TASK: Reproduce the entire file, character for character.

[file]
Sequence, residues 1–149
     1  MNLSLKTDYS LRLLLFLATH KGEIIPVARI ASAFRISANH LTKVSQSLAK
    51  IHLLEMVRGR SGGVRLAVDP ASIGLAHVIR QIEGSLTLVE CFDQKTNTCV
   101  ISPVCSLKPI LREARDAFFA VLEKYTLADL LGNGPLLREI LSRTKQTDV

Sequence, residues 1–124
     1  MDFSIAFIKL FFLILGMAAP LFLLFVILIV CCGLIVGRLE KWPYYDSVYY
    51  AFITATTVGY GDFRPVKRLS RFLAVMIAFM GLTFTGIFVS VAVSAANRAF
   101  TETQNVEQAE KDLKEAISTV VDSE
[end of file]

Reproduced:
Sequence, residues 1–149
     1  MNLSLKTDYS LRLLLFLATH KGEIIPVARI ASAFRISANH LTKVSQSLAK
    51  IHLLEMVRGR SGGVRLAVDP ASIGLAHVIR QIEGSLTLVE CFDQKTNTCV
   101  ISPVCSLKPI LREARDAFFA VLEKYTLADL LGNGPLLREI LSRTKQTDV

Sequence, residues 1–124
     1  MDFSIAFIKL FFLILGMAAP LFLLFVILIV CCGLIVGRLE KWPYYDSVYY
    51  AFITATTVGY GDFRPVKRLS RFLAVMIAFM GLTFTGIFVS VAVSAANRAF
   101  TETQNVEQAE KDLKEAISTV VDSE